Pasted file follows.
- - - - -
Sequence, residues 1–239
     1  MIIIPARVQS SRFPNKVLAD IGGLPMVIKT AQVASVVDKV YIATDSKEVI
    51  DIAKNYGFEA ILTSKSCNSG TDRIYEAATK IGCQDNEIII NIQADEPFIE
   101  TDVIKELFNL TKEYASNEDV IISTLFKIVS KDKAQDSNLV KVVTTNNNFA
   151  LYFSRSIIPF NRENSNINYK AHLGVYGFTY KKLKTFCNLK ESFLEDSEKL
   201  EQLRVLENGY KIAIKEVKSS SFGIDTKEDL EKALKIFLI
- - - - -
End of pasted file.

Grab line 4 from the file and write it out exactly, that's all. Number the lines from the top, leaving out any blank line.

   101  TDVIKELFNL TKEYASNEDV IISTLFKIVS KDKAQDSNLV KVVTTNNNFA